Social networking rules should be set by bosses

Two messages to the working world on social networking sites:

Dear Employees: Your Tweets are making us, and your boss, reach for the Maalox.

It's clear that this age of instant communication is at least causing headaches, if not ulcers, for plenty of CEOs. That's especially the case when employees hooked on Twitter and Facebook don't think before they type and share insider information.

Employees need to realize that some conversations are privileged. Just because you're in a meeting about a new product, or worse, layoffs, doesn't mean you should be broadcasting details to the world, 140 characters at a time.

Dear Bosses: You really should talk to your employees about what shouldn't be shared.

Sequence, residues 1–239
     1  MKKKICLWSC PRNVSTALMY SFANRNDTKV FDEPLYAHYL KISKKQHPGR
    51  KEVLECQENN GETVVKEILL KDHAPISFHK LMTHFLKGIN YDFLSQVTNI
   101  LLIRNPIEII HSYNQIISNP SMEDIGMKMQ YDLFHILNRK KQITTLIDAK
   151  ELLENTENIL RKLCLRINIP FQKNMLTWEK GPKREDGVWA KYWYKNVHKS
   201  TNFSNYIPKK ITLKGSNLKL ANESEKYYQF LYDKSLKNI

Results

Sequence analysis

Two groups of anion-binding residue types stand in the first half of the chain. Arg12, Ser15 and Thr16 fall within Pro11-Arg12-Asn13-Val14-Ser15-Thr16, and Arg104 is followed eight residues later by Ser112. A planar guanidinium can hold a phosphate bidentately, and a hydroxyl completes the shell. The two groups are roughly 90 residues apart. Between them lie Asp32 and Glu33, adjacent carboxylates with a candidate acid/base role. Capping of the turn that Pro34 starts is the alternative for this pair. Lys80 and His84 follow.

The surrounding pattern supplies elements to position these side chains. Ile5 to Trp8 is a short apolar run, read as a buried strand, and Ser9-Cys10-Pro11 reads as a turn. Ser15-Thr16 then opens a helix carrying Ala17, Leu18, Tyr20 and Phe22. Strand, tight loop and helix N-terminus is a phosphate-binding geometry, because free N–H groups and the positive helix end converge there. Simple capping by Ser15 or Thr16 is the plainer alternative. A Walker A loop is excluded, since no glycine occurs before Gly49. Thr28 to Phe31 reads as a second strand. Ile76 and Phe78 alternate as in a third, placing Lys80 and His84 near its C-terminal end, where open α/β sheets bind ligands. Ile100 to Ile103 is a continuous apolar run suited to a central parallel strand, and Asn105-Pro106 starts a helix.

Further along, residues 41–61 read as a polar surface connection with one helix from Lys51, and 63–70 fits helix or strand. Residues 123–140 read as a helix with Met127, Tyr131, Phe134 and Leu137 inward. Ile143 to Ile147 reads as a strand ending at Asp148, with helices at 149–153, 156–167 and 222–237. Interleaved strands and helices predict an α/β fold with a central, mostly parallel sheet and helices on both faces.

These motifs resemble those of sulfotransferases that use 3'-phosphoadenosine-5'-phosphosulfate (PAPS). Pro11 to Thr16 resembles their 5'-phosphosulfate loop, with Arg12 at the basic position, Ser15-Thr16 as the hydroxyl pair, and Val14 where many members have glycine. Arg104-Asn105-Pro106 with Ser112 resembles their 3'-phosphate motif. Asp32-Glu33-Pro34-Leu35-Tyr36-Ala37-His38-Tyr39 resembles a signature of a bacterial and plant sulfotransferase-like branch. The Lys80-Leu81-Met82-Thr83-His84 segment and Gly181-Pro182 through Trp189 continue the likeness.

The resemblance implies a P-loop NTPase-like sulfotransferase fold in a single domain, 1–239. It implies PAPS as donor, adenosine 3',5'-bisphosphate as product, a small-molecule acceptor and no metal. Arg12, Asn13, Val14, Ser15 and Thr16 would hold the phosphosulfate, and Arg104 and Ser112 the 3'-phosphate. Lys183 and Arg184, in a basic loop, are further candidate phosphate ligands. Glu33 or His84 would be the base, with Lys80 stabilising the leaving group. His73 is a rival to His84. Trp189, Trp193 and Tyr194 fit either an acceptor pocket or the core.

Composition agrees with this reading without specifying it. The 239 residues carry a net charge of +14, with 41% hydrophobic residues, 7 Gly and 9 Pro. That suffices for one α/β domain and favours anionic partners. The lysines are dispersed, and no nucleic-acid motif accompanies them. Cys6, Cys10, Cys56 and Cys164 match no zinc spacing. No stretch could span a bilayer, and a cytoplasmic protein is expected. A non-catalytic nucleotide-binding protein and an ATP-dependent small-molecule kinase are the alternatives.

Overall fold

If there's a meeting going on and you don't want people to talk about it publicly, say so. Not everyone has the mind-set that everything in a staff meeting is, say, private.

That's because many employees -- especially millennials like Bridget who spent all of their college years on Facebook -- don't always think about the consequences of sharing work information on social networking accounts. They don't see that there should be a reason for them to not share info, nor that there could be negative consequences to sharing what goes on in conference rooms.

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